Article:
As an increasingly ubiquitous entertainment medium, videogaming commands our attention in the form of intense, often obsessive patterns of engagement. But can the other-worldly, utopic/ dystopic experiences of videogames provide authentic experiences of art?
29 Jun 2014, 4pm - 10pm
FISSION MAILED is a one day interactive exhibition at The White Building in association with retrotainment specialist REZtron and CRATE brewery exploring the evolution and creativity of video games and its parallel adoption as an artistic medium. The pop-up exhibition showcases the interplay of graphics, technology and storytelling through some of the most iconic (and underrated) games ever produced such as Asteroids, Panzer Dragoon, Ikaruga, Rez, Shenmue and Cosmic Smash to name but a few. Alongside these there will also be classic multi-player games open to the public to try out such as Micro Machines, Bomberman, Sonic 2 and Street Fighter II.
Juxtaposed with these iconic and popular games, a parallel history of gaming will unfold through the practices of artists and indie game developers who provide a more pluralistic and subversive approach to exposing the darker underbelly of the gaming industry both past, present and future. Work by some of the most progressive and responsive game developers will be showcased, including work by Anna Anthropy, Merritt Kopas, Ben Eposito and Sophie Houlden.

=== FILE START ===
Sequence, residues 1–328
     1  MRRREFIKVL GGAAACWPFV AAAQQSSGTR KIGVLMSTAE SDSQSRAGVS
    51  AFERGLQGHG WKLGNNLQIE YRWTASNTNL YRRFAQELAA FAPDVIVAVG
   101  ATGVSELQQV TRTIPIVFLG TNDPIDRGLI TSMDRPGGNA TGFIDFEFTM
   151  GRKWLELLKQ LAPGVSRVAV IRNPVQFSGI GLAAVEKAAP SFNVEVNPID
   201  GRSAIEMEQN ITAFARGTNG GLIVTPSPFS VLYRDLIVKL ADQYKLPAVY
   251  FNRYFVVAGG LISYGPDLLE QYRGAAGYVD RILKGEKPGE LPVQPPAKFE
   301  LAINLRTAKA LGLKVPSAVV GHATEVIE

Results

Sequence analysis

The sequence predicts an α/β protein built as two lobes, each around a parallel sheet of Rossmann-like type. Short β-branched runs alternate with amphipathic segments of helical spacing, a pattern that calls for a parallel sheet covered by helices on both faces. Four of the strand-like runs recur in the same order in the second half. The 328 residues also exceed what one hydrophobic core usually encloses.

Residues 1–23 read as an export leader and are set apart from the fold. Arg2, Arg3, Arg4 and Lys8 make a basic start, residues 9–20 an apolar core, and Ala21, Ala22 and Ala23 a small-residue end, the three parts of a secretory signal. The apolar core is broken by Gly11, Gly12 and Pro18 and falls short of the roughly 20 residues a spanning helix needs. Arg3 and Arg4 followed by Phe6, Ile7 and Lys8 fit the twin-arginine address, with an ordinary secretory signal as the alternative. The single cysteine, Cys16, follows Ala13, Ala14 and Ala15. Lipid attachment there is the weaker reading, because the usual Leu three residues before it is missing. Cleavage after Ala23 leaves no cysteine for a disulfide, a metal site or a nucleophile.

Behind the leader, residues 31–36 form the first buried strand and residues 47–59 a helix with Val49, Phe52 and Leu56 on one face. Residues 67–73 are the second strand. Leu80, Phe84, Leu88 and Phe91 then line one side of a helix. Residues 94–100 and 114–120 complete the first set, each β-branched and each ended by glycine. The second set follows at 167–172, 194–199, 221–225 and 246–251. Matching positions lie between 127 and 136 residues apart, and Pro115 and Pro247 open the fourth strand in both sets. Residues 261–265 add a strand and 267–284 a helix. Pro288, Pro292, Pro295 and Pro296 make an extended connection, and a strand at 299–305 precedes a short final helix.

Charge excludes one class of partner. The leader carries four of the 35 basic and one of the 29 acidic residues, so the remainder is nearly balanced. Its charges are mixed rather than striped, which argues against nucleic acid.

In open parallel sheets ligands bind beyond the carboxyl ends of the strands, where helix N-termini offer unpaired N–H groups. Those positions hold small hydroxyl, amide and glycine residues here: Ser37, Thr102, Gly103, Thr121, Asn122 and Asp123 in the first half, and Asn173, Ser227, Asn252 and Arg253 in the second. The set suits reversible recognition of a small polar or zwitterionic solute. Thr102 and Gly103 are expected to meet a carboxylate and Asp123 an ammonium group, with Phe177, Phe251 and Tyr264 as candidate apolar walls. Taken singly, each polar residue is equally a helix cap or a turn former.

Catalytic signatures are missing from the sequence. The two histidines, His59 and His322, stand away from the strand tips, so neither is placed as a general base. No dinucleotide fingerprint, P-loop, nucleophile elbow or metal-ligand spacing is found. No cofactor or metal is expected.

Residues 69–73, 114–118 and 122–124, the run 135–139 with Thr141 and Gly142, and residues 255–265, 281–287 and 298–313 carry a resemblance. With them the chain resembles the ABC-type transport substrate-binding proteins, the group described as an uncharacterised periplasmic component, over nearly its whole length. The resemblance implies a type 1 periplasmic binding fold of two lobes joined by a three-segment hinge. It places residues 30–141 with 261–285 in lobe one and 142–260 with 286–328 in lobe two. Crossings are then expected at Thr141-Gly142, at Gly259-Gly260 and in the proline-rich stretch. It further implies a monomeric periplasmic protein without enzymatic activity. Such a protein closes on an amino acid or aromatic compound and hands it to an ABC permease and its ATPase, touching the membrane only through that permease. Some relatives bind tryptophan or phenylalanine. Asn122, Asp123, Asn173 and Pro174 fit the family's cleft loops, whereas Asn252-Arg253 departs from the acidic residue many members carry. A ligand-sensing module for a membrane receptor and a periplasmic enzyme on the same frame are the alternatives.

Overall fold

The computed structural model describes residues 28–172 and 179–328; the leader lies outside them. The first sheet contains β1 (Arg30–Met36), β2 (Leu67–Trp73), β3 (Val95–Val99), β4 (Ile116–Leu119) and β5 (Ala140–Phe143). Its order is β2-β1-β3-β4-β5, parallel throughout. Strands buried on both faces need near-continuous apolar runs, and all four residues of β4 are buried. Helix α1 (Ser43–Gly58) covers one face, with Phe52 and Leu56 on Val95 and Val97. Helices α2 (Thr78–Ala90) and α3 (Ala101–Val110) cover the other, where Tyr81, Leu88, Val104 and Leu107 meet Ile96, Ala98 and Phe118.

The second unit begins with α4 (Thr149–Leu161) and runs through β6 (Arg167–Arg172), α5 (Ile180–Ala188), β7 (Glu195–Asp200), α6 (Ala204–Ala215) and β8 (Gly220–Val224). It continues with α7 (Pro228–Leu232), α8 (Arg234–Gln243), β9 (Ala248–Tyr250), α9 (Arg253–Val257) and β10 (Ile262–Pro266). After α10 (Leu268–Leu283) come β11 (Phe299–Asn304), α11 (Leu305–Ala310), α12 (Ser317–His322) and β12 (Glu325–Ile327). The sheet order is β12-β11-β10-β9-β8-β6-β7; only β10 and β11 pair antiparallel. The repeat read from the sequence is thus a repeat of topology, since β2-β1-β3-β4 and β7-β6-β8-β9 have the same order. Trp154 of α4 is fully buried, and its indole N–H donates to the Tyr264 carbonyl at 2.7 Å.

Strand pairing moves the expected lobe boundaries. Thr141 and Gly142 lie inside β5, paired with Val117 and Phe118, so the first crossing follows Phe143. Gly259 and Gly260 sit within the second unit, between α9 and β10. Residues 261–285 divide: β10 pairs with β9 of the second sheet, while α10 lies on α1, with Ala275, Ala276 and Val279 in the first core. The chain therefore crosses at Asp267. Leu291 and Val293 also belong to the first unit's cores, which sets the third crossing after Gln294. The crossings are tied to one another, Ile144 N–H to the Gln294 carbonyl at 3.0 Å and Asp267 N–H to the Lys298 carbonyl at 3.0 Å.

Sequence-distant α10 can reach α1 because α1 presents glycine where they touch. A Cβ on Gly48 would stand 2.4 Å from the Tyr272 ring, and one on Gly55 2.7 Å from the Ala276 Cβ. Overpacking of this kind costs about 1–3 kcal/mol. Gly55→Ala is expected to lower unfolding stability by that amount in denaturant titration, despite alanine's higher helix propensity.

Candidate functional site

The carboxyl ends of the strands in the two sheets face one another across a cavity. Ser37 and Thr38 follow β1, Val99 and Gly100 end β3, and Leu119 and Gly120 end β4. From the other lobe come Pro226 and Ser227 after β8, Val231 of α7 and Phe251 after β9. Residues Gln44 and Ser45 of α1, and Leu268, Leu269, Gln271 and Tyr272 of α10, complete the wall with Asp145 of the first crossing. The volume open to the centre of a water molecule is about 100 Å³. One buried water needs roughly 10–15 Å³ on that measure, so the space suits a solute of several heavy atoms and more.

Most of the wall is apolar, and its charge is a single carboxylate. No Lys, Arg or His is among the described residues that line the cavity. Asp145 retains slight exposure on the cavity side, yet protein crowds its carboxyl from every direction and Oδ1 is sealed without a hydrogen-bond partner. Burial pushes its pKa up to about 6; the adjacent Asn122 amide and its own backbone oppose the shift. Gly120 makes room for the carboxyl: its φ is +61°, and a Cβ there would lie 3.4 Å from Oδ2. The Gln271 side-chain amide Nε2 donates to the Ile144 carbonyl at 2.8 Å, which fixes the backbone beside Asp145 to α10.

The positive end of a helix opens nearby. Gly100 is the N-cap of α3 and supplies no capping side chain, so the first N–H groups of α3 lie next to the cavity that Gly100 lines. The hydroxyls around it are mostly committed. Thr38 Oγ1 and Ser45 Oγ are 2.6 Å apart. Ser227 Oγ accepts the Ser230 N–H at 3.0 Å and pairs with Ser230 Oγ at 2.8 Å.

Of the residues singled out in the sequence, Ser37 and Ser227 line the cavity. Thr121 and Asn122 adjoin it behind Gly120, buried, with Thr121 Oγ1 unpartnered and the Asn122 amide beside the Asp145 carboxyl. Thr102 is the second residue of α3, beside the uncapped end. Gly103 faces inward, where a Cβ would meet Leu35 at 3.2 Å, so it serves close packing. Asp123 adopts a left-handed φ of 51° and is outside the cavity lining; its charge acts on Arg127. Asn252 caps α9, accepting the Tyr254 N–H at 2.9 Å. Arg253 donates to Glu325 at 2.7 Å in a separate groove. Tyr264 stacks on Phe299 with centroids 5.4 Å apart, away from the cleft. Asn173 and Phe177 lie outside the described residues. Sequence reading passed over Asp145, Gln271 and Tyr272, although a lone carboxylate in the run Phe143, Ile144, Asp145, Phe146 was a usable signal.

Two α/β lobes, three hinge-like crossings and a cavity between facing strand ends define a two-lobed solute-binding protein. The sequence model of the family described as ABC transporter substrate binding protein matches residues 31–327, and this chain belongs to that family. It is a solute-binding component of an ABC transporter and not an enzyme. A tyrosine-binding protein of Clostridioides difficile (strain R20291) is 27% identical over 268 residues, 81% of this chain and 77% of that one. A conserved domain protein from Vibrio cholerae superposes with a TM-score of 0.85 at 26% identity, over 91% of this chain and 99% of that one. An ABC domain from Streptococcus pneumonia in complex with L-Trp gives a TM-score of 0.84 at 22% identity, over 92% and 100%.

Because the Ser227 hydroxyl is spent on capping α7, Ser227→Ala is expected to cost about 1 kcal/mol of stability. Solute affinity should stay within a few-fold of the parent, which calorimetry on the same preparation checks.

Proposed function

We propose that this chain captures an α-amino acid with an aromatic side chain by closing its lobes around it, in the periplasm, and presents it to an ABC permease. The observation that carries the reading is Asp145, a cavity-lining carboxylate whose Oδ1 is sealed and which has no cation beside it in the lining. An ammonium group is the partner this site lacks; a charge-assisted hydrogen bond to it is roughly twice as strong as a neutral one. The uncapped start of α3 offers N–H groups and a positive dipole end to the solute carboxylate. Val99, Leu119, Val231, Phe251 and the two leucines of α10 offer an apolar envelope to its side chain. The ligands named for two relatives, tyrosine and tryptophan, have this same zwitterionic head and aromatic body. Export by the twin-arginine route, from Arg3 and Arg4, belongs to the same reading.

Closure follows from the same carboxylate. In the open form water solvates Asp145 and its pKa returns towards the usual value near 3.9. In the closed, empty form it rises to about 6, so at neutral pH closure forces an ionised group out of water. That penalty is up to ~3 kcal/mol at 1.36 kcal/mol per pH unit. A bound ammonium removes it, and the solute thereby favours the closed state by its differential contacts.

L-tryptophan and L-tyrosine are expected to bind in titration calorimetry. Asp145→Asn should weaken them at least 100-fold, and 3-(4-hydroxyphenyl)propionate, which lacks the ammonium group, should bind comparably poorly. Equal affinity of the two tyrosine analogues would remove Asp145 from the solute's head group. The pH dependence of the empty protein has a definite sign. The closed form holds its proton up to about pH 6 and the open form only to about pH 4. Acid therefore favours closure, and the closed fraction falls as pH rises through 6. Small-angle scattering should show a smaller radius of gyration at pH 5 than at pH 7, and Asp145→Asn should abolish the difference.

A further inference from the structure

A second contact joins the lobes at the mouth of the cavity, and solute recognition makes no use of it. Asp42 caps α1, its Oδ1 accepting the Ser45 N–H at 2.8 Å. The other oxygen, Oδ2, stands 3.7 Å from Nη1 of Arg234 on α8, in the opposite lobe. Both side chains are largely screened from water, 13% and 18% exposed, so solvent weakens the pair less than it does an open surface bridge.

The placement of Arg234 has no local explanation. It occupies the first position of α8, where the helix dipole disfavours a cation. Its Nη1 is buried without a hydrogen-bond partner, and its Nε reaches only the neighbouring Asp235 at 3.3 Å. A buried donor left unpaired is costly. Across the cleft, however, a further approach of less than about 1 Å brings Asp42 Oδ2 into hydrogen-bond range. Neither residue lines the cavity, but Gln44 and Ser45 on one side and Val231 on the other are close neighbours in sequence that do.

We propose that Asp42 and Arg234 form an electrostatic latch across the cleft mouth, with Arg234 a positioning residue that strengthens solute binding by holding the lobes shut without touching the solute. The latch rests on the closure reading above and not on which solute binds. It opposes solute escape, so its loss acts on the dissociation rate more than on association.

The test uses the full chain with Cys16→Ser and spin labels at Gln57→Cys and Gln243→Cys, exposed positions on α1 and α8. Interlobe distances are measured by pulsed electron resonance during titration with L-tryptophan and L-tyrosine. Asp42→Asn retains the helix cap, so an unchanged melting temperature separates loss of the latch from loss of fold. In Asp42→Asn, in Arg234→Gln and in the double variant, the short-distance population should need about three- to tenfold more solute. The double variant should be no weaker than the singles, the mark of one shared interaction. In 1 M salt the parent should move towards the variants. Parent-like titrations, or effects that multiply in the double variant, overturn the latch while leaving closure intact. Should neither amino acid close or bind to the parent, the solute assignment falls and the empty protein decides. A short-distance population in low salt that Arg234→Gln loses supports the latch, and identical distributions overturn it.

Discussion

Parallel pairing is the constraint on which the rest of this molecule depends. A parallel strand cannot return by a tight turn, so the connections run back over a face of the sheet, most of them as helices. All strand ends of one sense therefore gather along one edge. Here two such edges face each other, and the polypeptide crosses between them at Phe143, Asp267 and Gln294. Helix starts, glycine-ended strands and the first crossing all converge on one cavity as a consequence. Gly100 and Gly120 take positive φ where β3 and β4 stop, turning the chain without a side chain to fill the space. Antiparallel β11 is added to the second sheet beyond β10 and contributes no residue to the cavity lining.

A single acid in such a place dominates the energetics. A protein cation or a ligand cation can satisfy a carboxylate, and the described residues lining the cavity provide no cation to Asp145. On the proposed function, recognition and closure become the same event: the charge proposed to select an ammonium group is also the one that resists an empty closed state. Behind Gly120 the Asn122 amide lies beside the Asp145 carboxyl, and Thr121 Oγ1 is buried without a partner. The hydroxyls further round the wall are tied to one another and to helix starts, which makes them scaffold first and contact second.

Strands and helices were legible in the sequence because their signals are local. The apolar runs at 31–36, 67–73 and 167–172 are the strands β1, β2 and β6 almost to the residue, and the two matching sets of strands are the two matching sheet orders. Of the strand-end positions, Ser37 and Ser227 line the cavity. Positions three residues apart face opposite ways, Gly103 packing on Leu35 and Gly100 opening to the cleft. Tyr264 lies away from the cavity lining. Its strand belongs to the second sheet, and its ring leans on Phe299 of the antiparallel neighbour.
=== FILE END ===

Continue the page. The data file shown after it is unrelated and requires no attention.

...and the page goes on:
Video games are an increasingly prevalent and expressive medium within today’s society. In the forty years since the introduction of the first home video game, the gaming realm has attracted a range of critical and artistic responses. Artists are designing or adapting video games to comment on politics, art, and games themselves. As a mash-up of “traditional” art strategies: figurative representation, linear and non-linear narrative, sculpture, sound design, and cinematography, the medium of video games offers artists an increasingly compelling means of engaging with a different range of publics. Importantly, the involvement of artistic critical response to the socio-political conditions surrounding the actual production of mainstream gaming has fuelled wider critical discussions about the gaming industry’s role in society itself.